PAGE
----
“First of all, it’s a worldwide game. You’ve got the best players in the world now. When I played there was a handful of Swedes and some Finns, but there were no Russians, no Czechs. Now you have the best people in the world playing in this league. I think the players are bigger, they’re faster, the equipment is better, the sticks are better. It’s just a well-developed game right now.

Have you followed this year’s Capitals? Is it nice to see a team that set an NHL record for losses (in 1974-75) could set a record for wins?  

Yeah, I am following them. They’ve done a great job. They’ve really turned the corner. Not to be negative, but you don’t want to peak too early. It’s January . You want April and you want May. They’re the most important months. But they just keep rolling along and winning games and it’s great for that city for sure.

MORE CAPITALS: When will Caps make up their games? Good question

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Capitals Faceoff Podcast: A trip to the Stanley Cup Final is on the line

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USA TODAY Sports

Capitals Faceoff Podcast: A trip to the Stanley Cup Final is on the line

The Eastern Conference Final is going the distance!

After losing three straight to the Tampa Bay Lightning, the Capitals won Game 6 to force a Game 7 in Tampa Bay. Can the Caps beat the Lightning one more time and advance to the Stanley Cup Final?

JJ Regan, Tarik El-Bashir and special guest cameraman Mike D break it all down.

 

PLEASE NOTE: Due to schedule and time constraints, this podcast was recorded by phone and the audio quality is not up to our usual standards.

Check out their latest episode in the player below or listen on the Capitals Faceoff Podcast page.

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Caps push Lightning around in Game 6 with physical game plan

Caps push Lightning around in Game 6 with physical game plan

As the NHL continues to focus more on speed and skill, the Capitals took a very old-school approach to Game 6 against the Tampa Bay Lightning. From the moment the puck dropped until the clock hit zero, it was clear Washington came into Monday with a very physical game plan.

"It made a big difference," T.J. Oshie said. "I think in these games, everyone’s bringing energy and you kind of want to control that and direct it towards some positive play, some momentum building for your team, and tonight I think we handled that and did that pretty well."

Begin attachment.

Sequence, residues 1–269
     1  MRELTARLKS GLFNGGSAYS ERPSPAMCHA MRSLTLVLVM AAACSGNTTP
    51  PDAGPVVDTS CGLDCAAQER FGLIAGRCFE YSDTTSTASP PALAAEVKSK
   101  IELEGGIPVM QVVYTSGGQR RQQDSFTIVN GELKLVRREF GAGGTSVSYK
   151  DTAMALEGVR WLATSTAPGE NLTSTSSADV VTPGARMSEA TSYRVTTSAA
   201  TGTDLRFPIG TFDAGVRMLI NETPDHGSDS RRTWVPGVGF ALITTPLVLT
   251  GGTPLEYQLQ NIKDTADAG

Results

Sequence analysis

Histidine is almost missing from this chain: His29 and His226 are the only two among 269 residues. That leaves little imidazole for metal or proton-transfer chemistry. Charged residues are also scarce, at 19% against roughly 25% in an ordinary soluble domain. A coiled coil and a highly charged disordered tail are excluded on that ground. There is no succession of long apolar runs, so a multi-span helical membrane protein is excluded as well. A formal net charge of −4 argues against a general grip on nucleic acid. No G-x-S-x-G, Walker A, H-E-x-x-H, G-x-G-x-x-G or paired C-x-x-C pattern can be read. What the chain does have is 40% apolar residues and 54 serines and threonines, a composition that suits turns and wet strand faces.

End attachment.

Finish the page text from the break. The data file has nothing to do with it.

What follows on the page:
"We just wanted to throw everything we had at them," Stephenson said. "It was a do or die game and we don't want our season to end."

It worked.

The scoresheet officially credited the Caps with 39 hits for the game. The Lightning had only 19. The physical play seemed to wear down Tampa Bay as the game went on.

After an even first period, Washington took a 1-0 lead in the second. Then, very fittingly, a physical fourth line extended that lead to 2-0 in the third to finish the Lightning off.

"All of a sudden now we turn a puck over, you’re back in your end, they’re feeling it, they’re being physical, crowd’s behind them and we’re spending way too much time in our D zone," Tampa Bay head coach Jon Cooper said. "That’s what hurt us."

What made it so effective was the fact that the entire team bought into it. Alex Ovechkin was certainly the most noticeable player as he threw himself around like a wrecking ball against everyone wearing a white jersey. But it was not just his line. Tom Wilson and Brooks Orpik each led the team with six hits, Devante Smith-Pelly recorded five of his own while Ovechkin and Nicklas Backstrom both had four.

The Lightning faced a constant barrage from the Caps from every line and defensive pair. There was no respite.

The hits also gave the fans plenty to cheer for.

The Caps were playing an elimination game at home and Tampa Bay goalie Andrei Vasilevskiy was standing on his head. Even with the score locked at 0-0 through the first period, the crowd was still very much into the game. There was no apprehension, there was no quiet tension. There was just a loud crowd cheering on its team.

"[The fans] were loud right from the start, which I think we fed off of and wanted to give them something back," Brooks Orpik said. "We didn't get a goal early. I think some of the physical play kind of helped carry that. They were great for us."

Now in the third round of the playoffs after six intense games between the Caps and Lightning, the hope is that Game 6's physical play will continue to take its toll on Tampa Bay heading into Game 7.

"We need to do that every game," Nicklas Backstrom said. "That's our forecheck. Hopefully, we can keep it going here in Game 7."